When I was nine, a boy called me Medusa.
We were learning about Greek myths for the day, the only time that topic came up in our curriculum, ever.
Medusa had snakes for hair. She was the monster so grotesque that looking at her turned you to stone. She had three heads and lost one, died when Perseus defeated her.
The boy looked at Medusa and looked at me and decided my curls were serpents.
If I had been Medusa, he could not have looked me in the eye and called out in class. He wouldn’t have dared.
I knew little of the myth to which I was compared. I googled her that night, found out a little of who she was: a human turned ugly as punishment, her hair replaced with snakes. In other versions, born monstrous, a gorgon. Sometimes one head, sometimes three sisters but always grotesque and always to be killed. To be feared. Her gaze was lethal.
I’ve liked her ever since.
Perseus rode around with Medusa’s head, wielding her as a shield against his enemies. Athena, famously born of Zeus alone, wears Medusa’s head on her breastplate. She is cut up and killed, her power to be used by others.
Feminists have attempted to reclaim her as an image of female fury and power. In a short manifesto, Mary Beard describes succinctly how the classical world has and continues to have a heavy influence on our perceptions of power and who has the right to wield it. Once again, I found myself reading about my monster.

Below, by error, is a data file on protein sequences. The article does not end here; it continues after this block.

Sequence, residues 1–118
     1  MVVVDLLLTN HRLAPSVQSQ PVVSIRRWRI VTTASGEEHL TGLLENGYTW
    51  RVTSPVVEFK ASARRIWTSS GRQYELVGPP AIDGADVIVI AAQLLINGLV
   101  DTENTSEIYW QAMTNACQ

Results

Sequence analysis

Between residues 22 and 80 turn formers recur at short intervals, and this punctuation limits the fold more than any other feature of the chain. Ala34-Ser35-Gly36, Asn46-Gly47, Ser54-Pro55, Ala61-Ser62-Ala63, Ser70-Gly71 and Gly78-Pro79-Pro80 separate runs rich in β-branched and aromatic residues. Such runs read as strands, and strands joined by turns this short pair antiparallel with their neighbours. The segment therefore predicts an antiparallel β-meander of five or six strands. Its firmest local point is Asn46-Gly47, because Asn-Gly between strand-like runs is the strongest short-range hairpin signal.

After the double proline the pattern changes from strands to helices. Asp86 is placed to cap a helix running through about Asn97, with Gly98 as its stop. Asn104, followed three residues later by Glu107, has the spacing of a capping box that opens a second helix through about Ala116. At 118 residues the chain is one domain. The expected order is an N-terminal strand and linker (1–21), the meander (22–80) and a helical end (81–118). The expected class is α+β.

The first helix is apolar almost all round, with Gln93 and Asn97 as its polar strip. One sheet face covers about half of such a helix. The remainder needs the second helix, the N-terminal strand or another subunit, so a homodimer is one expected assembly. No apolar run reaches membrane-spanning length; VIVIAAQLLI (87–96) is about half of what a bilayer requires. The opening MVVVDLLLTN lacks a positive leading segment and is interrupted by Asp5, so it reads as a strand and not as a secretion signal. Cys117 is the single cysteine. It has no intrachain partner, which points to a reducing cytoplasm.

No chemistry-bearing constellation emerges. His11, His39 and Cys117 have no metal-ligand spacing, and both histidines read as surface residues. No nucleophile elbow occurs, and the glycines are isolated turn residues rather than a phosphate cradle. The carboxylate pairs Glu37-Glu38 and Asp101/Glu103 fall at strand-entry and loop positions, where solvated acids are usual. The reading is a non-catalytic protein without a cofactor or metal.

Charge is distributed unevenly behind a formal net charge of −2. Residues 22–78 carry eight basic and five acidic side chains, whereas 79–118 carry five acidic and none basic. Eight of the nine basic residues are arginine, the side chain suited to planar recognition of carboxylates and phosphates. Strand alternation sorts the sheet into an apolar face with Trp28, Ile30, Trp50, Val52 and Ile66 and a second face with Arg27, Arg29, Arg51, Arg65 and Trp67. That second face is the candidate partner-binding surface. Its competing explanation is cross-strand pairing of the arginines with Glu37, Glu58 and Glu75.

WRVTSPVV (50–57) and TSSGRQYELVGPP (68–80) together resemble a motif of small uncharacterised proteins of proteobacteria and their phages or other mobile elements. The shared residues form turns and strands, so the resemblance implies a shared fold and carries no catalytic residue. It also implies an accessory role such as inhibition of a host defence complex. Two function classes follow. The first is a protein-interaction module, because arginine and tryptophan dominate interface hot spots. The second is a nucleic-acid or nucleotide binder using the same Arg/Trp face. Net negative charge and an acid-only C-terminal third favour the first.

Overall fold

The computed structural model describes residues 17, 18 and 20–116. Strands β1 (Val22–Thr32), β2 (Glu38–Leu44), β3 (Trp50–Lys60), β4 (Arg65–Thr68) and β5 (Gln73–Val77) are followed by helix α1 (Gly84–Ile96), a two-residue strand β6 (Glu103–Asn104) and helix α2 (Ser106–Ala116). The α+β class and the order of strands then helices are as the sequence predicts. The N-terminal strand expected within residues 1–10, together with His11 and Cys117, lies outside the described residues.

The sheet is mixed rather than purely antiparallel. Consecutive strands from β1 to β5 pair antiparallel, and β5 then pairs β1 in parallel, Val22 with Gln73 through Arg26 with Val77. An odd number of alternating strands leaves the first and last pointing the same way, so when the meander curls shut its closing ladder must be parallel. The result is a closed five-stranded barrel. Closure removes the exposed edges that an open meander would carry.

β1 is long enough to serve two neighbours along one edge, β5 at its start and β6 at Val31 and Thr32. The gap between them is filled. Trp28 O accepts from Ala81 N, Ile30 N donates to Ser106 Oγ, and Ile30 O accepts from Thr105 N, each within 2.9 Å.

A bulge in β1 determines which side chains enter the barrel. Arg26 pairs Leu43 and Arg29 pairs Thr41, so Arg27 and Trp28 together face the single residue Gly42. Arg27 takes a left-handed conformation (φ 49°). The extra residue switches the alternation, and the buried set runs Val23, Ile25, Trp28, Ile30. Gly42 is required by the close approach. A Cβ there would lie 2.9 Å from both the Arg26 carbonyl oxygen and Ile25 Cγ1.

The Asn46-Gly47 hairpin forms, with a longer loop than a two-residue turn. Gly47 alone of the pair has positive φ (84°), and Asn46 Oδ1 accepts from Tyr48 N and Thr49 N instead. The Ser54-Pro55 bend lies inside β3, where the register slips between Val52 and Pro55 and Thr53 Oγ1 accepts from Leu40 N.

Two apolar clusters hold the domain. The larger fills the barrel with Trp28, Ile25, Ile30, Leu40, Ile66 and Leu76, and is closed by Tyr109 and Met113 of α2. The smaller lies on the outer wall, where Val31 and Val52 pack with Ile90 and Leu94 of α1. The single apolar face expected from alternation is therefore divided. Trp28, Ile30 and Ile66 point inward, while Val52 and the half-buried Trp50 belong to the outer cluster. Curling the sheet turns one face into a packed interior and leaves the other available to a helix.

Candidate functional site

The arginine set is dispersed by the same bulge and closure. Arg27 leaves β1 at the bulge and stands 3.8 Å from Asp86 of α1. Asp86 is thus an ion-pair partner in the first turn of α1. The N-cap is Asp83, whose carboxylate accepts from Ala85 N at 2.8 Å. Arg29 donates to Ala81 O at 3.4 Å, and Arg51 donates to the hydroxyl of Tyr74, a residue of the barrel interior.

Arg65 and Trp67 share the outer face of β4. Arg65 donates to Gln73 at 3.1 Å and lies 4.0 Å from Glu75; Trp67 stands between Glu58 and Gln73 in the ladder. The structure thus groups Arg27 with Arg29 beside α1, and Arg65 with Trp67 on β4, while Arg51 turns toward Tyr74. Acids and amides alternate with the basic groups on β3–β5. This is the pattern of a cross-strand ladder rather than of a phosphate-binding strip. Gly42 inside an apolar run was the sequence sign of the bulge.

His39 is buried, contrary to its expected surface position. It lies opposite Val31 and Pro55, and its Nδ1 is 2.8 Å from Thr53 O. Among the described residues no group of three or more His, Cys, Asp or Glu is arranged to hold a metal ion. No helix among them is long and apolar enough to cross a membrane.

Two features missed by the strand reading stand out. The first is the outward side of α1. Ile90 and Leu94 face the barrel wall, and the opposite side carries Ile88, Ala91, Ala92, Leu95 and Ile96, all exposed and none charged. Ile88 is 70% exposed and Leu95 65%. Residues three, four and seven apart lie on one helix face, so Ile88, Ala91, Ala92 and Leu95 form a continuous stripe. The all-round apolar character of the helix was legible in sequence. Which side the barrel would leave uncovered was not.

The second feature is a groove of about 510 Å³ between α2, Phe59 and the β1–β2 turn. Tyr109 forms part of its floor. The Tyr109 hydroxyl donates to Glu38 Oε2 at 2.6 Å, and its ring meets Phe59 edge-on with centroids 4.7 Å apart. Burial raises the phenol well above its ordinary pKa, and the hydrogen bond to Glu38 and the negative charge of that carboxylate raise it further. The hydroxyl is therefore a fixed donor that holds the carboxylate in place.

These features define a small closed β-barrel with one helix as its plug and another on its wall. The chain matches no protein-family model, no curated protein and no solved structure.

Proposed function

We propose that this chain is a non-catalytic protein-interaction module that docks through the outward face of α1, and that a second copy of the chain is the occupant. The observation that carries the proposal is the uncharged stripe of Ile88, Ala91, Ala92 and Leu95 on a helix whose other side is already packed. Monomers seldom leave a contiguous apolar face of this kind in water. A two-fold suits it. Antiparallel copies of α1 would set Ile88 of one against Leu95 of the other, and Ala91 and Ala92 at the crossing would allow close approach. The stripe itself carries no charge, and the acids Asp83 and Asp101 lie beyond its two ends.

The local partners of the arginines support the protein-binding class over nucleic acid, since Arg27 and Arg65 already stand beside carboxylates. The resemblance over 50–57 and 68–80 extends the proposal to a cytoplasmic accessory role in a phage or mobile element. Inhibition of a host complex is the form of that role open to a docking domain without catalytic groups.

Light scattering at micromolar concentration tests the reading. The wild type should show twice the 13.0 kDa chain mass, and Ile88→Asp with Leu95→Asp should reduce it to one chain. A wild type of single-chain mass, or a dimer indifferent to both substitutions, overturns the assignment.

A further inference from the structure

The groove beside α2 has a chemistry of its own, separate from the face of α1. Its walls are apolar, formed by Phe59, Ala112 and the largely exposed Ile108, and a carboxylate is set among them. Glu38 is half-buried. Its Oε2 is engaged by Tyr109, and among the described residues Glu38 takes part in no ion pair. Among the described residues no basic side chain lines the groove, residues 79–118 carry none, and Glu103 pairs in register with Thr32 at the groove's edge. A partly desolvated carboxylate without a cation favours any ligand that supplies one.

We were young. And we didn’t know what we were learning. Greek myths were fun stories about monsters and victors, gods and, you know, other old stuff. That’s all they were, surely: just stories. That was one lesson on one day in primary school, a tiny insignificant hour of my life, a comment which the boy has surely forgotten now.
But as Mary Beard points out, it is these things we take for granted that form the building blocks of our understanding of the world.Today female politicians are often compared to Medusa in an effort to ‘decapitate’ them, photoshopped on to an image of a screaming feminised monster. ‘Male mastery over female power’.
I take it as a point of pride that I’ve held on to that memory for so long. Because of him I feel an affinity with Medusa, in every form of the myth, born monstrous or punished unfairly. I understand the antagonist; I was painted as one. I will never root for Perseus.